This post is part of a series on the various ways I've used pen and paper in my life. To learn more about it, check out the introduction, or view the "ink and paper brain" category for other posts.

When I started Volume 3 of my personal journal, Stories, I was a high school senior mere weeks away from graduation. By the time I was finished, I’d lived in Japan for a year, ended the longest romantic relationship in my life to date (and started a new one), and done some serious soul-searching to determine who I was, what I wanted, and how to be better than the dick I’d been in high school. Volume 2, Change, represents a low point in my life, but I’m proud of Stories. Stories was me growing up.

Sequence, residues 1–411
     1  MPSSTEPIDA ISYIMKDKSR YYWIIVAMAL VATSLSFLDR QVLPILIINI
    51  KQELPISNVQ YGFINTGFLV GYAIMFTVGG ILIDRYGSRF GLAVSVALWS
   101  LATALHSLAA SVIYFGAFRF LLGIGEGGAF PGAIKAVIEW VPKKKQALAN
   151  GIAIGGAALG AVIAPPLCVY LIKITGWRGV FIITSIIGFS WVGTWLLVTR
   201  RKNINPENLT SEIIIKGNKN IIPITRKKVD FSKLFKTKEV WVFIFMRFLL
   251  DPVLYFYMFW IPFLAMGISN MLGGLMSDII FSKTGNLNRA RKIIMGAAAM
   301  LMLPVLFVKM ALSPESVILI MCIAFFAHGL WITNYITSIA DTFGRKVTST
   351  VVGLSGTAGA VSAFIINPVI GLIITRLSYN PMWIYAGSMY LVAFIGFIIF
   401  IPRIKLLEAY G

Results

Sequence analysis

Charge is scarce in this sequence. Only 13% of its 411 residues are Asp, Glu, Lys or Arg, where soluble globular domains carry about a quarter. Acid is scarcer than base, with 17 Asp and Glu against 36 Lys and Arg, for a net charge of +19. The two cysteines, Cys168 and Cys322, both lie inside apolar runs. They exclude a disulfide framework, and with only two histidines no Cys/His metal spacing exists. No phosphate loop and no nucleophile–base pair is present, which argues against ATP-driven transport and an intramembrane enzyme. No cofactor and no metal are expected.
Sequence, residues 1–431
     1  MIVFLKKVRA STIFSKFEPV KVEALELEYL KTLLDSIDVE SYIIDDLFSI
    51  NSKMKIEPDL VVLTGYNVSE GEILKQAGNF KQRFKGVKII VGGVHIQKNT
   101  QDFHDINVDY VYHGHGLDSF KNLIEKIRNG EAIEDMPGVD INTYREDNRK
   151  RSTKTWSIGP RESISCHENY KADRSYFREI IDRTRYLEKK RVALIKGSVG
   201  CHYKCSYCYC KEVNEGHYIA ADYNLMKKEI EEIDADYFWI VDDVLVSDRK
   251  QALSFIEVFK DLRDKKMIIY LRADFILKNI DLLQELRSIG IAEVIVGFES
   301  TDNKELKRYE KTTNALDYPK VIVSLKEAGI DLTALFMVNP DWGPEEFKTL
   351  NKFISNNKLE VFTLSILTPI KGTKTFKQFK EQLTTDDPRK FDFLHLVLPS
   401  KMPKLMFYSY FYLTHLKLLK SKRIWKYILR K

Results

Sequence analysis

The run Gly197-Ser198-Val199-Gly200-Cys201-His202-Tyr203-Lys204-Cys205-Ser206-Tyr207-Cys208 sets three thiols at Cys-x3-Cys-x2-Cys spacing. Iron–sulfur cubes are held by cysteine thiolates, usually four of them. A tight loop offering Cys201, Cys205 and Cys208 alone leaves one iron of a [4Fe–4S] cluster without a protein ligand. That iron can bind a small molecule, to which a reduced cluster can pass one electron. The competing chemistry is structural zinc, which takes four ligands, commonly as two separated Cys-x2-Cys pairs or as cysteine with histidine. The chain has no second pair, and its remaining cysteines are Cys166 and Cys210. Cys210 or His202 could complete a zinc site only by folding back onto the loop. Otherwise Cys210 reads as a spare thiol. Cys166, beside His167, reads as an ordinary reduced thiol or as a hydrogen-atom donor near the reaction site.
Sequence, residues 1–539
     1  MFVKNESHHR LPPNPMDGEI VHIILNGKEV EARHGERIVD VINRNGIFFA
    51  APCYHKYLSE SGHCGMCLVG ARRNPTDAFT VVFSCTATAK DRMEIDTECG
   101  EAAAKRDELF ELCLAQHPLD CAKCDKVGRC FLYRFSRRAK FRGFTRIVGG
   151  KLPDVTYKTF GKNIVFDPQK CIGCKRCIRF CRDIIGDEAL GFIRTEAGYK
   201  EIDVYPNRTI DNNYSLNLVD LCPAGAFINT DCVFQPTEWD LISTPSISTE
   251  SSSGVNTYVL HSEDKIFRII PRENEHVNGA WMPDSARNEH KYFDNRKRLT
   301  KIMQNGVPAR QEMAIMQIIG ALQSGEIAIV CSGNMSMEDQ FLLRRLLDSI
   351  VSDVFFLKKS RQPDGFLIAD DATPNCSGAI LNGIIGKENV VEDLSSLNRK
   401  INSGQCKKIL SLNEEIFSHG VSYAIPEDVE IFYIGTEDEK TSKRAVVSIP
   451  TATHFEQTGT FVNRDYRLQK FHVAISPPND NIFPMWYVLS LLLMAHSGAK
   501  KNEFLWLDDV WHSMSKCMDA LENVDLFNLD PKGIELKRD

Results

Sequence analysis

The book itself was a present from my then-girlfriend. It’s covered in beautiful decoupage (her work), including pages from the Oresteia, lyrics to “The Times They Are a-Changin’”, and a snapshot of the iconic “Made in Oregon” sign in downtown Portland. All of my journals have reflected some aspect of my self in their appearance, but I don’t think any speaks more about who I am than Stories. It’s just me.

Made in Oregon
What a thoughtful touch.

And (fittingly, perhaps?), it was also the first journal I kept that remained truly private. The contents of Stories never went online; I never handed it over to a partner for perusal. Stories was a private space for me and me alone, a secure room for me to sit with myself, and I seriously doubt it could have been as instrumental a tool in my personal growth had I not had that unbroken sanctity.

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